WHEN THE CHRISTCHURCH CITY COUNCIL GIVE AWAY public land, so Canterbury Cricket to construct its 'international' cricket pavilion in Hagley Park, The Press hailed the deal that privatised public land.
According to the newspaper privatising public land gifted to the city was splendid news for everyone. It declared the deal was "a real boost for the city's morale".
That was in 2013. In 2015 though The Press has not displayed the same concern for the city's morale when it comes to the arts.
The Christchurch City Council has proposed cutting the budget of The Christchurch Art Gallery Te Puna o Waiwhetu, by 6 per cent over the next three years. This cut is among a raft of cuts to community arts organisations.
These organisations all work on very tight budgets and The Press concedes that the cuts "will hurt".
For the art gallery this means the acquisition budget will drop from $250,000 to $80,000 a year, building improvements will be shelved and staff laid off in the immediate aftermath of the earthquakes will not be replaced. As well, the number of exhibitions will drop from eighteen to twelve.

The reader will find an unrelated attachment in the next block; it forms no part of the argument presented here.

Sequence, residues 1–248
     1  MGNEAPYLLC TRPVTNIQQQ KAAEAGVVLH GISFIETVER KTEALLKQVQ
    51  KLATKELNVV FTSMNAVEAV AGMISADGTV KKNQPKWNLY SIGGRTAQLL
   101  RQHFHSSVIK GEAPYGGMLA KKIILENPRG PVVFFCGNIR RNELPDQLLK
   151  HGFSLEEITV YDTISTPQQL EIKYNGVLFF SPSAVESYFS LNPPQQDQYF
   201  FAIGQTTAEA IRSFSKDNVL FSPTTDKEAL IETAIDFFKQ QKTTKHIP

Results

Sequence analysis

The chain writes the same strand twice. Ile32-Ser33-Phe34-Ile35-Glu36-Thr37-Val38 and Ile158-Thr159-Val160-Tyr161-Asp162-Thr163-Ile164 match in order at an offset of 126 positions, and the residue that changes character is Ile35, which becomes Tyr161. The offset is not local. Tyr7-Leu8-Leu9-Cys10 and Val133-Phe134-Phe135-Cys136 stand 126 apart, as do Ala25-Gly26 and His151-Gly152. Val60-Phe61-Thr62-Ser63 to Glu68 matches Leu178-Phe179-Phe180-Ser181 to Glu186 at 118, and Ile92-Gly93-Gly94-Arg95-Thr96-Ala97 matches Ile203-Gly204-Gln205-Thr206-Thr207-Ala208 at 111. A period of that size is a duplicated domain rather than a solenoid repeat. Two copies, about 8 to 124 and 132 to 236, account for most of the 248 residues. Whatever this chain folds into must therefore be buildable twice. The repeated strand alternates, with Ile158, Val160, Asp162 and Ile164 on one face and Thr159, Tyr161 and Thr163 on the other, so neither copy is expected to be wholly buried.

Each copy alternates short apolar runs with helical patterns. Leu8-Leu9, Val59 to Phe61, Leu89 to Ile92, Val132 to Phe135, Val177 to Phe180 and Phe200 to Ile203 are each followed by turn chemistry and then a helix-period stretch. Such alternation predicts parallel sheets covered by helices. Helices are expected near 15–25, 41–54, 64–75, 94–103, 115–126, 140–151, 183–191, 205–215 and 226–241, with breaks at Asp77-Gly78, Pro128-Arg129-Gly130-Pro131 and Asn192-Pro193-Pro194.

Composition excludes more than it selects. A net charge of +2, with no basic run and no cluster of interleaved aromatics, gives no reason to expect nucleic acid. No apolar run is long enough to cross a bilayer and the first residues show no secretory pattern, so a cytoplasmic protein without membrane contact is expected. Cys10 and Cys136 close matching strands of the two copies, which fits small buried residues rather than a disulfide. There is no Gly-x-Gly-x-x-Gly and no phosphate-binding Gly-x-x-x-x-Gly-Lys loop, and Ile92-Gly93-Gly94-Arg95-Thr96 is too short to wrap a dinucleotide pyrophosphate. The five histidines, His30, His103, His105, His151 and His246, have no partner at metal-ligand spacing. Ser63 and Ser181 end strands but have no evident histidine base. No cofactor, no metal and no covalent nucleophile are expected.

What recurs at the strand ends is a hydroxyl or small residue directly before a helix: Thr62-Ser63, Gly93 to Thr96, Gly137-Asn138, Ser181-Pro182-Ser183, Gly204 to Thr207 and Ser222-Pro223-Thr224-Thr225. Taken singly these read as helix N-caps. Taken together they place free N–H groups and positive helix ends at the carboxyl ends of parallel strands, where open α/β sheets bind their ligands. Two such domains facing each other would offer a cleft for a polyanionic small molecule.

But, according to The Press, the art gallery and the art community generally must carry its share of the economic burden.
No such demands were made of Canterbury Cricket. Indeed the newspaper was more than happy to see land and cash thrown at the sporting body.
Some people in the cash - strapped arts community will no doubt be asking why the Christchurch City Council was so generous with Canterbury Cricket. The council's claim that it remains committed to supporting the not-for-profit sector and the community arts and events sector will only be regarded with cynicism.
Indeed the Christchurch City Council has advised the art gallery and other community arts organisations that they should seek funding elsewhere, the implication being that the arts should become more dependent on private donations.
ONE COUNCILLOR who supports the cuts is Jamie Gough. It was pity he didn't display the same financial prudence in the previous council led by Mayor Bob Parker. Among other things, he supported the massive salary increases for former CEO Tony Marryatt. Under Marryatt's watch the loss of consenting accreditation cost the city some $10 million.